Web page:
But we can change what they see with passive Perception. This can depend on the story and the situation. We can be sure that a character with a passive Perception higher than the DC of a trap notices danger ahead, but they might not know what danger they see. This would require its own Intelligence (Investigation) check to learn more about what is going on with the trap.

This requires either quick thinking or some planning ahead, both of which I didn’t have while running this session. But it is something good to keep in mind going forward.

Accepting Failure

I have to admit that I have no idea how all the characters made it out alive. Thinking back to the whole situation there were so many ways they should have been killed. But it was their night with the dice.

As things progressed and I realized that they weren’t as afraid as they should have been, I began thinking about how best to handle a character’s death. I hate Deus Ex Machina and they had managed to come eye-to-eye with one of the most dangerous creatures in the game. The only acceptable option was to let whatever happened to happen. I didn’t fudge any dice. I didn’t pull punches. I played it as I thought it should. They managed to pull it off.

And kudos to them! It made such a fun session that we were talking about it the rest of the week. Knowing that I hadn’t ensured their survival did two things (in my view at least).

  1. It made their accomplishment seem that much more epic. They did it. Not me. They overcame a situation that should have wiped them out.
  2. It built trust in me as a DM. I think that, knowing I was willing to allow them to fail, increased their trust in me as both a storyteller and a DM.

It’s hard to explain why I feel this way. Part of it may be that they know I’m not going to force a narrative on them. If I’m willing to let them get disintegrated, I’m not going to hardline a story on them. The other part may be that they knew I didn’t want them to die. They know I’m not out to kill them, to overwhelm them. I’m out to create a fun environment for them to explore and play in. One with real consequences that are a result of their actions… not an evil DM.

Special Actions

In all honesty, I was not prepared for the Xanathar encounter. In no world did I think that they would continue to press on once they learned they had accidentally found themselves in his lair. Part of that, is players being players.

So we are in one of the worst places we could find ourselves. I mean… we literally just blew up their boat. We should probably keep going deeper and just see what happens.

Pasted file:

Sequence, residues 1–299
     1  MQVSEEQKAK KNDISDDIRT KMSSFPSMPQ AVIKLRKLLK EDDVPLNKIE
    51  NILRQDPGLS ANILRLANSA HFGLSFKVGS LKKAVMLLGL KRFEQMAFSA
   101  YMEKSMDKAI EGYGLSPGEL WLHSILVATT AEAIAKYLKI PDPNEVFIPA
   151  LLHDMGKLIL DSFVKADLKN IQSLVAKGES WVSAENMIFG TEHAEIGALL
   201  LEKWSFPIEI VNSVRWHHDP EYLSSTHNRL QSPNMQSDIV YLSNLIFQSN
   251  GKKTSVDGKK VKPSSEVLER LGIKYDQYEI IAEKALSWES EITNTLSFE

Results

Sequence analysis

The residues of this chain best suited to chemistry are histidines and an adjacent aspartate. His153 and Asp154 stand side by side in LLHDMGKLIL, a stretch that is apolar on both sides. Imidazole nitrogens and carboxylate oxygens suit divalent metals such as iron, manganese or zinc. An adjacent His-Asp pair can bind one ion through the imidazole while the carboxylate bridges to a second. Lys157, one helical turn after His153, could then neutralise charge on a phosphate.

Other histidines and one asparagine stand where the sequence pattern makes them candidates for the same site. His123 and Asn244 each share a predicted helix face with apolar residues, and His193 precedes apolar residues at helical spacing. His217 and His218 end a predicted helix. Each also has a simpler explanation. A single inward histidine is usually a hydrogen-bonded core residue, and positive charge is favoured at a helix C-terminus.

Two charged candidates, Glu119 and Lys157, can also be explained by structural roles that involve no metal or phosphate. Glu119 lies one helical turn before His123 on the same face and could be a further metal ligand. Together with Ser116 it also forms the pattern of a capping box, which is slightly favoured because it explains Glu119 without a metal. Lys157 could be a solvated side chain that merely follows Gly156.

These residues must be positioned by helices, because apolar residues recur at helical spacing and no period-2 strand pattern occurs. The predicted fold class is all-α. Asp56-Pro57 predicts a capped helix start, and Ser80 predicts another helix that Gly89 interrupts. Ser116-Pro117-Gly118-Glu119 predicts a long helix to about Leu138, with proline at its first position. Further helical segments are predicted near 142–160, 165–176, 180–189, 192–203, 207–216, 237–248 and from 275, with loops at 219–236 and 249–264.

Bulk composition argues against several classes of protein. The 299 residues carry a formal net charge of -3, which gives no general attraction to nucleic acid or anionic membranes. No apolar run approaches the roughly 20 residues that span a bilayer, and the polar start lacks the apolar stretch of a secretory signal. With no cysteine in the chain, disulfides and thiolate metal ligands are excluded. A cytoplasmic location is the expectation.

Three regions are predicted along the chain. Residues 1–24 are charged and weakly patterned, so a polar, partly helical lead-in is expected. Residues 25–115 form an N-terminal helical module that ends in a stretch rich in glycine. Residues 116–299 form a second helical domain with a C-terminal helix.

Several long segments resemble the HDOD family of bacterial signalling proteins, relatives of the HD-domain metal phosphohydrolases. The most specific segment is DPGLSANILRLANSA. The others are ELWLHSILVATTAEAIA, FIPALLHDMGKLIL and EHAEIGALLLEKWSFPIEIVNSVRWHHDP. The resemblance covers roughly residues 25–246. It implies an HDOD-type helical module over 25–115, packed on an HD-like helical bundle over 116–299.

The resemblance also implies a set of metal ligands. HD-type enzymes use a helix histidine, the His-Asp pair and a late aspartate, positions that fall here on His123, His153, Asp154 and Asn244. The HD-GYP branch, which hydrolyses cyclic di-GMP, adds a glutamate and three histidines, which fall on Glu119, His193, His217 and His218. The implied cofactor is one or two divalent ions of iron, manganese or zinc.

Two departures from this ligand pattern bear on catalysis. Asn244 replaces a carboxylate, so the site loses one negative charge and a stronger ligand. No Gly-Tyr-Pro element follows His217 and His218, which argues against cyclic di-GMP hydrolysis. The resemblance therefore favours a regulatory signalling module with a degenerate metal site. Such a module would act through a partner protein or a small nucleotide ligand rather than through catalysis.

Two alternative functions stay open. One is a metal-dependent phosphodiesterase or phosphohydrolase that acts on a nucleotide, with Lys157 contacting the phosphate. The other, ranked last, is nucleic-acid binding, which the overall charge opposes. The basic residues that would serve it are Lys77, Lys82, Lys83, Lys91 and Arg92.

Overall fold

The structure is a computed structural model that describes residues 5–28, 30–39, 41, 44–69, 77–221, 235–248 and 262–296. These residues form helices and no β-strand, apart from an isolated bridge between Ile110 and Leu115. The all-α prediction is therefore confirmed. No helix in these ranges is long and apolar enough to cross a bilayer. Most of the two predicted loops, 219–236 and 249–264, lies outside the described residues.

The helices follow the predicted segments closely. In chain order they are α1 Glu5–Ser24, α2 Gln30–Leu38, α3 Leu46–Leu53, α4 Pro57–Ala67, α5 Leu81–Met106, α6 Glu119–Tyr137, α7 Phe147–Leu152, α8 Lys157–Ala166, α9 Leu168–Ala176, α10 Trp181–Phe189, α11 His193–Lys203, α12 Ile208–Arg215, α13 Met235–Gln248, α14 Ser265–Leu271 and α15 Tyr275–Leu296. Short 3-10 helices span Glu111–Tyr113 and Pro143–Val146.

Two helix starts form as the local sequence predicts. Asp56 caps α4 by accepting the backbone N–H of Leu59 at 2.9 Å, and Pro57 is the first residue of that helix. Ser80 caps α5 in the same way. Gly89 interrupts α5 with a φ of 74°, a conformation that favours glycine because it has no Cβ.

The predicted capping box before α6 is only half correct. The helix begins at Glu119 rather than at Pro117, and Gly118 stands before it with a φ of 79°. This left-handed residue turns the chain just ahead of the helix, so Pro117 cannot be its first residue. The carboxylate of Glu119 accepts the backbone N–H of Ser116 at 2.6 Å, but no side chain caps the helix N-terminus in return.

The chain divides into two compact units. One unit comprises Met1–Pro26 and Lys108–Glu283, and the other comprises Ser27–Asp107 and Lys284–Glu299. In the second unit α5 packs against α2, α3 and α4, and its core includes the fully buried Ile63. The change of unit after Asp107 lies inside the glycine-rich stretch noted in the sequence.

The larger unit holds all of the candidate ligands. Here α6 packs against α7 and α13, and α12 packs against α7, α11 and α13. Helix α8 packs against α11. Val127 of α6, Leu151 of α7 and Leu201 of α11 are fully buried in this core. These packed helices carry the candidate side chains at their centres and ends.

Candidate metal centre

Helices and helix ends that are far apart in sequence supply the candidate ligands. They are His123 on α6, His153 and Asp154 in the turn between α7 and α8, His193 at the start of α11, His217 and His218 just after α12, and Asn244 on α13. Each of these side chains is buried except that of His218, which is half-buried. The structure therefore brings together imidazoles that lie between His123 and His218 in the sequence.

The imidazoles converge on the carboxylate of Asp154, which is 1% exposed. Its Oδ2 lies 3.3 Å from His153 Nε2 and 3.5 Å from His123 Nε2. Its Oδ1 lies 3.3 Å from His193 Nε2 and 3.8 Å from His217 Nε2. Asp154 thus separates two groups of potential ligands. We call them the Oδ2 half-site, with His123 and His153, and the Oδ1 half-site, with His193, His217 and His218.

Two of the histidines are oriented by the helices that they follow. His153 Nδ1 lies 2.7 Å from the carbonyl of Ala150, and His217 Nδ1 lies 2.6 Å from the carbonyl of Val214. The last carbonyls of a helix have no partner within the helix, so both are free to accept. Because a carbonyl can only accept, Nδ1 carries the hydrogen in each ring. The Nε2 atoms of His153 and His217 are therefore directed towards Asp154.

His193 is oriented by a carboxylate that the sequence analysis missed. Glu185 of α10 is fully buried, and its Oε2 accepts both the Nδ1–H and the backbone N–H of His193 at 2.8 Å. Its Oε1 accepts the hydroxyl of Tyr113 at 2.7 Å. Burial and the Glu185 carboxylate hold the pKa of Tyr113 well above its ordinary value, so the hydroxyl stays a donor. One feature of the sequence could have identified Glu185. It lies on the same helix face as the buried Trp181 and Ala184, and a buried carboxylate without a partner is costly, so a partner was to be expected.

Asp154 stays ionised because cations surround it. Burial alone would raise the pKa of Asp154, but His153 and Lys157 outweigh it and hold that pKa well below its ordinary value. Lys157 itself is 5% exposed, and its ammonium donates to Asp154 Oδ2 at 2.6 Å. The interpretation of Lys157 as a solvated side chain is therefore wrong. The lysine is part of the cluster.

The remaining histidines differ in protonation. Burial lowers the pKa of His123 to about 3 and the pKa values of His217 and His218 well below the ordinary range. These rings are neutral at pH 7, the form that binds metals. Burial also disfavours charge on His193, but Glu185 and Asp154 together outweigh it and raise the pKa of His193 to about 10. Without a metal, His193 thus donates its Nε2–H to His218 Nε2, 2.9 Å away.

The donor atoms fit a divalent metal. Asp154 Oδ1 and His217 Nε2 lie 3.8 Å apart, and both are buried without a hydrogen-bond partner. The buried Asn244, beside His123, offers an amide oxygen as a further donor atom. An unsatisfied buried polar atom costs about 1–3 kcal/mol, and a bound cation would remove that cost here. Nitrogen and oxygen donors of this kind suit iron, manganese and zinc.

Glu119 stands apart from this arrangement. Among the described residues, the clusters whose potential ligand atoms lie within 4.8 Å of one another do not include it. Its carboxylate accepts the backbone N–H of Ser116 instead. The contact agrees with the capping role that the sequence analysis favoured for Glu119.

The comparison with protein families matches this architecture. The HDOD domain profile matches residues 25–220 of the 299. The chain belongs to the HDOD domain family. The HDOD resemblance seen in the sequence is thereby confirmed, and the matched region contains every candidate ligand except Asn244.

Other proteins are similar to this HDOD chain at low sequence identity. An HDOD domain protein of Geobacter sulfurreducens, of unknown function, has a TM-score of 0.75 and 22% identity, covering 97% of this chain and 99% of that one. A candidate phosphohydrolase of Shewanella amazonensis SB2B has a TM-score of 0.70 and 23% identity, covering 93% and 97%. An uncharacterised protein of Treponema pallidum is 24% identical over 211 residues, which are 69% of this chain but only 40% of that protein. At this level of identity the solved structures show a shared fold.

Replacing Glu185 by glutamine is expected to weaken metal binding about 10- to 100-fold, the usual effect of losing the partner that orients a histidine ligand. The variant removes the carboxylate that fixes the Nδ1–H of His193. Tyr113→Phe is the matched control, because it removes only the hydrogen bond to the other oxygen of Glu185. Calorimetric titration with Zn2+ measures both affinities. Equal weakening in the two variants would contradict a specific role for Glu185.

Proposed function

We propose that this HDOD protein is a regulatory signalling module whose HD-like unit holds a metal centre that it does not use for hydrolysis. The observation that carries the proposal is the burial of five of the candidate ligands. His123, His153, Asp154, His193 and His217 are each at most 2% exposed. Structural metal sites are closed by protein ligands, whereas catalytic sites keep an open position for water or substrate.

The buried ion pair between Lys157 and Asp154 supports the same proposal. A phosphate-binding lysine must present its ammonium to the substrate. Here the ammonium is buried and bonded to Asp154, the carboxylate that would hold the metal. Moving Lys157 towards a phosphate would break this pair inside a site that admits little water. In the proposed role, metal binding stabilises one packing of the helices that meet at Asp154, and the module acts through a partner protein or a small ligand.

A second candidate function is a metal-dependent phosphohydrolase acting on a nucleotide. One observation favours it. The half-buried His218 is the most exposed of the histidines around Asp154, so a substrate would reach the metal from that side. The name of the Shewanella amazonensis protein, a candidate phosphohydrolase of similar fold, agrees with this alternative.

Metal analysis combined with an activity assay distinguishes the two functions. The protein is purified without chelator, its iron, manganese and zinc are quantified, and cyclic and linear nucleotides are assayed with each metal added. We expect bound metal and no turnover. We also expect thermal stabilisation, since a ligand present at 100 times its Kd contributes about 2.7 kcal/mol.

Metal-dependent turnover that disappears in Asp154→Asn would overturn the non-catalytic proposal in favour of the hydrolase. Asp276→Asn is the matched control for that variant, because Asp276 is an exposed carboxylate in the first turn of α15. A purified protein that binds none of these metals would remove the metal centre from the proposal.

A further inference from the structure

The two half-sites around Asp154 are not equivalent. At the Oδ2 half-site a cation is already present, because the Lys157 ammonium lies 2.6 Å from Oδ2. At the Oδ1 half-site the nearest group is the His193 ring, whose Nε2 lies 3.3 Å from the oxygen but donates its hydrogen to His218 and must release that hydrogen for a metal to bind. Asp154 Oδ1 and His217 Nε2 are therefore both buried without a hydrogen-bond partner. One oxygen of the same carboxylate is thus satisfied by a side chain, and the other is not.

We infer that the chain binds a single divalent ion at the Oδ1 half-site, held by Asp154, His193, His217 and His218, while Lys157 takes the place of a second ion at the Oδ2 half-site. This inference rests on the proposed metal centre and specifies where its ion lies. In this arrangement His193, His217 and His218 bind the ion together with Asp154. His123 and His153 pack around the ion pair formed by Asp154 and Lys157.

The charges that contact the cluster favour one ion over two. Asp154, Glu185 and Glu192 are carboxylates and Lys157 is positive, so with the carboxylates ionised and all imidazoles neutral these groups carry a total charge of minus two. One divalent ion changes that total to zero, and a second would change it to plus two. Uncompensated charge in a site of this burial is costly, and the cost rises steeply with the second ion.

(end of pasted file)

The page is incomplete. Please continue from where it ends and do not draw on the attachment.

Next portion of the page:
But another part is my failure. The party didn’t even flinch when I finally name-dropped him. That shows me that I need to spend more time building the character for them and showing them how dangerous he can be. Up until now, Xanathar has been a name that has been thrown around. Now, having faced him head-on, it may change their tune. Maybe.

Since I did not anticipate them actually coming face-to-face with Xanathar, I didn’t spend a lot of time preparing for him. I completely missed the treasure chest in his lair, which contained an eye. That I will have to rectify at some point. But I also completely forgot about the Beholder’s lair actions until after Akta cast darkness.

Only then did I take advantage of one of his actions. While it feels like a missed opportunity, there is always next time.

Luck of the Roll

As stated above, the party only survived because they were incredibly lucky. I thought it would be fun to list out all the critical rolls and decisions they made that led to their escape:

  • Akta rolling a natural 20 to remember how Flutterfoot opened the door
  • Taman’s Deception role when putting on the hat
  • Akta choice to cast darkness in the room
  • Xanathar not looking in her direction at the time and thus not having the cone of anti-magic in the right position
  • Xanathar missing his first three rays
  • The natural 1 that the gang member rolled when sliding on the caltrops and bringing down many of the others
  • The ray that hit Taman turned out to be the Fear Ray (rays are chosen by rolling a d10. Literally, any other ray most likely would have resulted in his death. The only other ray that might have been ok would have been the Enervation Ray which only deals necrotic damage. So a 20% expected survival rate on this one.
  • Akta rolled a 16 on her Dexterity saving throw at the end of the chase. Xanathar had cast a Disintegration Ray that held a DC 16 check. If it would have hit her, her hit points would have fallen to 0 and she would have been reduced to a pile of fine gray dust.

After it was all done I had to take a moment and try to fathom what had happened.

Skill Challenges

This was also my first skill challenge. I used these rules.

It became immediately apparent that I need to study up on these. It may have been their amazing roles, but I felt like they were blowing through it. Most of that was due to the fact that I didn’t know what I was doing.

Matt Colville did a great video on skill challenges. I tried my best to remember his points in the session, but going back I realize how poorly I did in the execution.

I am looking forward to trying these again. The difference will be that I will have done my homework ahead of time.